The end of any international meeting is always fraught with uncertainty, and compromises are more likely as deadlines loom. On this last full day, Cancún looks like being very difficult to spin other than at a level that takes a deep sigh of relief that any structure exists on which to build further agreements ahead of the next COP in Durban.
Generally, the language of the draft text is weak, and full of “takes notes” and “considers,” hardly phrases on which to base the future of the planet. More specifically, there is a strong element of denial about the size of the “gigatonne gap” within the EU team, the Japanese are still holding out against an extension of their Kyoto commitments, and the US is tepid on the financial commitments needed to make much of this happen.
In the meantime, we have had meetings with European MEPs, and with the EU Climate Commissioner Connie Hedegaard, and worked with WHO and some negotiators to make a final attempt to bring specific adaptations on health into the final text. A group of African nations is leading on this, and we’ll know tomorrow if our efforts have been successful.
Most of the ire of NGOs is being directed at Japan, since a failure to extend its Kyoto commitments represents a major threat to the future of a UNFCCC process that will be inclusive enough to justify its existence. The US is believed to be relaxed about this, believing in the power of local or regional agreements to solve some of the intractable global issues. So many delegations appear to have forgotten that “global” warming is just that – “global.” As one protester’s banner put it, “there is no planet B.”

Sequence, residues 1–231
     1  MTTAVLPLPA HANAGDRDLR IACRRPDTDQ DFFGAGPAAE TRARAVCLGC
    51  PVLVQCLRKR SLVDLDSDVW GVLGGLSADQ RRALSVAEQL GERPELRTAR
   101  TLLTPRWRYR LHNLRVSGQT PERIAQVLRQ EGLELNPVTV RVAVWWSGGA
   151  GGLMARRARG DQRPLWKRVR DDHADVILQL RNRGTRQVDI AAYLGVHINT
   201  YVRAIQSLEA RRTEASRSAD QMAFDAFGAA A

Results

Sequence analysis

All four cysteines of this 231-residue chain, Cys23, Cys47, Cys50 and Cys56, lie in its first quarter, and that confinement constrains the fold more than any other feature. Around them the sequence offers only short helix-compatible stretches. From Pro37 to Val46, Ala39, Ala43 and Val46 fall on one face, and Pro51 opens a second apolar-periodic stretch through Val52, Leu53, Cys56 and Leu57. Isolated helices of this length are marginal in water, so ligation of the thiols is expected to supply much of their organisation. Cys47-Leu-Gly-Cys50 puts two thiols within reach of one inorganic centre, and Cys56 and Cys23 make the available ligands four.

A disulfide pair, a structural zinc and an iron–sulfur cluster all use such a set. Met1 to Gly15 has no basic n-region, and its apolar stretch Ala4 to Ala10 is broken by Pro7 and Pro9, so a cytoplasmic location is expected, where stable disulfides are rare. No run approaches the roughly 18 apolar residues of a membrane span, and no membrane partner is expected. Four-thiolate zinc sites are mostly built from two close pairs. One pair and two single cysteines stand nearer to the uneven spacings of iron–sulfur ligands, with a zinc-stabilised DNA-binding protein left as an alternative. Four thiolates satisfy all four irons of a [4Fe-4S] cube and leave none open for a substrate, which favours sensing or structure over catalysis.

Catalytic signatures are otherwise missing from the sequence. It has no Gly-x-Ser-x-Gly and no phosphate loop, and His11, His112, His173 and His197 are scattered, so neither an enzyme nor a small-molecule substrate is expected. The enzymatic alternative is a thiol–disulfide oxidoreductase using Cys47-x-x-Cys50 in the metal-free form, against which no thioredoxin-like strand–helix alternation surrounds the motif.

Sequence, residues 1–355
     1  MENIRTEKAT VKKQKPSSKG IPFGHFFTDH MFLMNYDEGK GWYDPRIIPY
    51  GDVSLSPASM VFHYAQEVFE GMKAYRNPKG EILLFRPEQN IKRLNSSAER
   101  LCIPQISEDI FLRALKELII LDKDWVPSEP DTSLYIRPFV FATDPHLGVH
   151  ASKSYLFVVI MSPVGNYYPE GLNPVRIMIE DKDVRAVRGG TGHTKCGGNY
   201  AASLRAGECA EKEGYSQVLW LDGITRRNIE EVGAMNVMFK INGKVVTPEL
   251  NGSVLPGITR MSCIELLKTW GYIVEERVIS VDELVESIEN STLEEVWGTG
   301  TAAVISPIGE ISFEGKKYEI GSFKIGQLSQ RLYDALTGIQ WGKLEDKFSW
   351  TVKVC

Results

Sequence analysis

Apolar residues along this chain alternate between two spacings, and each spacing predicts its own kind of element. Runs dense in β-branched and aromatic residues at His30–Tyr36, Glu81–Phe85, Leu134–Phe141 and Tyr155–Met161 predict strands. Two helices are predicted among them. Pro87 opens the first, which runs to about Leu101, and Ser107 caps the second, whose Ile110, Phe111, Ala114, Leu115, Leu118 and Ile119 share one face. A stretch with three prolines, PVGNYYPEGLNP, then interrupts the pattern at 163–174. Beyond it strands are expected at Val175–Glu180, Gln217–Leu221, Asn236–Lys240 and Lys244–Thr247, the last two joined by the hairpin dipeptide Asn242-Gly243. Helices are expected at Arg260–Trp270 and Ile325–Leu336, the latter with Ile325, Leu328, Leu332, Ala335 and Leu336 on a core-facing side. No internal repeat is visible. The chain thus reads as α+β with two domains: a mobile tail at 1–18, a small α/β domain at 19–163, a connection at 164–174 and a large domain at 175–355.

As individuals, there is something we can all do. Please go to http://www.kantei.go.jp/foreign/index-e.html and register a request that Japan extends its Kyoto commitments and stays within the UNFCCC process.
Michael Wilks is attending the Cancún meeting as part of Healthcare Without Harm (HCWH), a health professional and environmental group.